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Comic Review – Goddess Mode #1

Goddess Mode #1 Cover

Stop me if you’ve heard this one before. A highly advanced dystopia where the corporations own everything and technology is indistinguishable from magic. A dying Earth where life is cheap and humanity’s best days are behind it, despite the zeitgeist being built around the next big thing. A misfit struggles to get by, wanting to be more than just another cog in the machine, despite society being built around destroying the squeaky wheel.

It cannot be denied that fans of the cyberpunk genre will find themselves in familiar territory upon opening Goddess Mode #1. Comparisons to various Ridley Scott and Denis Villeneuve movies will be inevitable. Doubtless some will describe it as a feminist answer to Ready Player One in a desperate attempt to summarize its plotThe more well-read will reference Bruce Sterling and Neal Stephenson. All of this will ignore Goddess Mode #1 for what it is at its heart – a damn good read.

Cassandra Price is a brilliant young coder whose talents are wasted in the most lowly position possible at Heremeticorp – tech support. While other hackers are crafting brilliant new artificial intelligences that build off the Azoth Network that powers the planet, Cassandra is stuck patching up old code and taking out the trash. It’s not glamorous but it pays for the nanotech that purifies the air and water she ingests so she isn’t killed instantly by the polluted slum she lives in and provides the healthcare that keeps her father in cryogenic suspension until a cure is found for his condition. Then one day, Cassandra’s alterations to her personal network are noticed by her boss, who decides to promote her rather than fire her. This leads to Cassandra being sent to meet with the elites of her society and a stunning truth about the reality of things in a world where nanotechnology alters everyone’s perceptions.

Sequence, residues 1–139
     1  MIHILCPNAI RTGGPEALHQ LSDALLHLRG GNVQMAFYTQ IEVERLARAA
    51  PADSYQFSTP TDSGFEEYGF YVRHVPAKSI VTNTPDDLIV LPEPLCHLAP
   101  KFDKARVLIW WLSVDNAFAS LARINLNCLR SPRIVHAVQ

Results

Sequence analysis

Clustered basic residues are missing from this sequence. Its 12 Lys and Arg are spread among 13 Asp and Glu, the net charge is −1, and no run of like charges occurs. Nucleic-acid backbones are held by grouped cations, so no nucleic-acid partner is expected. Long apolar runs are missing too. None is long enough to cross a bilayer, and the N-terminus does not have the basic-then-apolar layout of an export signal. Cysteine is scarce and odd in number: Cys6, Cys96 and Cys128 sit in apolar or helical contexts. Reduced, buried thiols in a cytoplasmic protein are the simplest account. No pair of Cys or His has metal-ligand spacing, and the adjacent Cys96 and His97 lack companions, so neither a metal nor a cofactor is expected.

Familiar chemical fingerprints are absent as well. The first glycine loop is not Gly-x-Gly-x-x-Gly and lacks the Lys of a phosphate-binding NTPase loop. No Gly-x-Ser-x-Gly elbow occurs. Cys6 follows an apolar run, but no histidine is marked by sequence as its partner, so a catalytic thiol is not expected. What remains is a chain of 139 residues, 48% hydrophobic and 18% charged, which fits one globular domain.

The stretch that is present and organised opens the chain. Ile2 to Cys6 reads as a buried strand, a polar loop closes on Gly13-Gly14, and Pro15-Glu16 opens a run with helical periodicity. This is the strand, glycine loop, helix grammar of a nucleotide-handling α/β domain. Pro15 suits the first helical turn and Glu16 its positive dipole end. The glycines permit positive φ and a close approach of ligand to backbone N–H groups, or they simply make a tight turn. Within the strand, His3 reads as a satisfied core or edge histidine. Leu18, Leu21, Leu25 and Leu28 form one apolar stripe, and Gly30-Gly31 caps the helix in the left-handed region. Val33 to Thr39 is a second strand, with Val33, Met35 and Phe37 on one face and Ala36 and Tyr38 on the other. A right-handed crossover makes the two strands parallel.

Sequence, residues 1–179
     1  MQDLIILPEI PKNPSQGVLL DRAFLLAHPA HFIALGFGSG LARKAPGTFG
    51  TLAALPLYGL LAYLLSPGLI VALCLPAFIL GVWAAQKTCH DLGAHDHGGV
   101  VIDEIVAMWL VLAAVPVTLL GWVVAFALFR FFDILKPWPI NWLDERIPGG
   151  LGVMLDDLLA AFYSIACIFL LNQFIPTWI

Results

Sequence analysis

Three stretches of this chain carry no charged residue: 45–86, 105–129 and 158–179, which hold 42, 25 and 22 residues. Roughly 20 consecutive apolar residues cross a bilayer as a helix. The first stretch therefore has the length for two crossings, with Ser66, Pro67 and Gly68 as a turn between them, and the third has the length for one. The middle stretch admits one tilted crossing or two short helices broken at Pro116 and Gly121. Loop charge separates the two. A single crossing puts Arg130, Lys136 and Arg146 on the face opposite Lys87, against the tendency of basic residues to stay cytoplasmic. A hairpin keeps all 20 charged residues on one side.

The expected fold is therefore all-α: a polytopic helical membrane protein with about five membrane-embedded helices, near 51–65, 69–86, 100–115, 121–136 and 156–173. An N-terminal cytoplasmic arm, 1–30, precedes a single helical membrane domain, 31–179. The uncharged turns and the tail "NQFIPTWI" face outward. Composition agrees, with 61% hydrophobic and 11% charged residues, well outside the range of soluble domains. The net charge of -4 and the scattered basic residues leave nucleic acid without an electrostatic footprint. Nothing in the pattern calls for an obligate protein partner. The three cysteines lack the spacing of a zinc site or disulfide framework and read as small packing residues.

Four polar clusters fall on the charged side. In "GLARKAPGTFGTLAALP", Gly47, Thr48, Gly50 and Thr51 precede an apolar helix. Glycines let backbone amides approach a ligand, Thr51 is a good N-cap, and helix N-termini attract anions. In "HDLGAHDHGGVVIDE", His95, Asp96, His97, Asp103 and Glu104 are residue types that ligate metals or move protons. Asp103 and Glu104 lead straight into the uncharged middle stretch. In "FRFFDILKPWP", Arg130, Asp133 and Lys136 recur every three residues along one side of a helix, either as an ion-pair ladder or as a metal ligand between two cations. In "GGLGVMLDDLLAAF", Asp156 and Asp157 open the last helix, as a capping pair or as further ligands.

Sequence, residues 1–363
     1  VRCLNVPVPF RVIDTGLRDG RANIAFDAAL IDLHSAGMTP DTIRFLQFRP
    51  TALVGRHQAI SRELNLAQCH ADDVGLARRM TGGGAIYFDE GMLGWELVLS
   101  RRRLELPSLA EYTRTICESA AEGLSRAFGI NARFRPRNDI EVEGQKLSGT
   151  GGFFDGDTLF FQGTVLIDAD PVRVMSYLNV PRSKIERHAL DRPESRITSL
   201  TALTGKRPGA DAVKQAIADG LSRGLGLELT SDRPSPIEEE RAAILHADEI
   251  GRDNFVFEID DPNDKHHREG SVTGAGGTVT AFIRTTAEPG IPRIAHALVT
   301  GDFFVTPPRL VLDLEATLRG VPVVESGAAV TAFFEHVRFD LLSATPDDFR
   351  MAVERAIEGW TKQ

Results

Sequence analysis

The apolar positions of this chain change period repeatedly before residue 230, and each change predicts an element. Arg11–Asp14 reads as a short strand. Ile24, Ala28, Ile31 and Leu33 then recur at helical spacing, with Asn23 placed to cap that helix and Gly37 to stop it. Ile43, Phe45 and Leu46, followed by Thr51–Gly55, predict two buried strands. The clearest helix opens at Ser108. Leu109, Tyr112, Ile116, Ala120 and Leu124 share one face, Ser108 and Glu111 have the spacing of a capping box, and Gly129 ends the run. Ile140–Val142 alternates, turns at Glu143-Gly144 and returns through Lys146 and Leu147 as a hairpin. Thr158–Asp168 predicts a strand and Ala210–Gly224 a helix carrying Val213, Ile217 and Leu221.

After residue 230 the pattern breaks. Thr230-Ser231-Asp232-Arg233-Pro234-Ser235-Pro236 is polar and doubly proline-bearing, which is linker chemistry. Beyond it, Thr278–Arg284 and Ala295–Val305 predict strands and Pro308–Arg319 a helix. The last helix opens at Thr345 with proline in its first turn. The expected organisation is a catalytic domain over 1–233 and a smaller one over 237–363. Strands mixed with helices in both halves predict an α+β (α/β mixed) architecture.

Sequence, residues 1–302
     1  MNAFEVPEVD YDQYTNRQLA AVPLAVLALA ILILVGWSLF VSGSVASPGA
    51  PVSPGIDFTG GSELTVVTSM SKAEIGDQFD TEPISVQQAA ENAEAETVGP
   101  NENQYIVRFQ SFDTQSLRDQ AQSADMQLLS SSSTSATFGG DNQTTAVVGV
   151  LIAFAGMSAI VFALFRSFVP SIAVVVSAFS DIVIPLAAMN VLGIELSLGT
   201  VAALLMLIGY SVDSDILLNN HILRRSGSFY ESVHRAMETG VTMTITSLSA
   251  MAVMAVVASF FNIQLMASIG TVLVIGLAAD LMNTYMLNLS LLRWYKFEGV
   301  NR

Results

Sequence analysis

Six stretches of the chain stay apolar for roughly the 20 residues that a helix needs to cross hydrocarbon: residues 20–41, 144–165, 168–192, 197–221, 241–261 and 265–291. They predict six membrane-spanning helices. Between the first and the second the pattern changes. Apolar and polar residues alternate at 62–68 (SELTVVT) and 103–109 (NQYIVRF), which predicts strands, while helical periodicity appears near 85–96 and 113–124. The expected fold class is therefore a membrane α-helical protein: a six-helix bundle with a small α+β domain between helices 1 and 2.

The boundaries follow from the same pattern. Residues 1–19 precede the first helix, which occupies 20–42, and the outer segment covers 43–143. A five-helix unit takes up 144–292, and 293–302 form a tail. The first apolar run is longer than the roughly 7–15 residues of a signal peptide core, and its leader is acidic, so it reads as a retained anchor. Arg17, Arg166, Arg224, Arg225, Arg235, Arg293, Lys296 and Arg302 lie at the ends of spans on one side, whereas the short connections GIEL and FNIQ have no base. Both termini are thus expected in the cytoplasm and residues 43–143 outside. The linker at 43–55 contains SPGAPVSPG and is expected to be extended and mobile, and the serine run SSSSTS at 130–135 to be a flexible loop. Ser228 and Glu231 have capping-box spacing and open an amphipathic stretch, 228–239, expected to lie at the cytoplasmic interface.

Zoe Quinn’s script leans heavily on the usual cyberpunk tropes yet it does so in a way that will be pleasantly familiar – at least to those who remember the old Shadowrun game fondly. What makes Goddess Mode #1 seem like something brand new despite this is the character of Cassandra Price, who is far from the usual riot grrrl or manic hacker dream girl we usually see starring in this kind of story. Cassandra probably doesn’t even own a pair of leather pants or spiked platform boots.

As for the artwork, it is phenomenal. Spider-Gwen co-creator Robbi Rodriguez creates an image of cyberspace and the dystopian world Cassandra lives in that is unlike anything I’ve ever seen before. This unique imagery is further enhanced by the colors of  Rico Renzi. The final effect is a neon-filled hellscape that looks uncannily like what I imagined the first time I read William Gibson’s Neuromancer.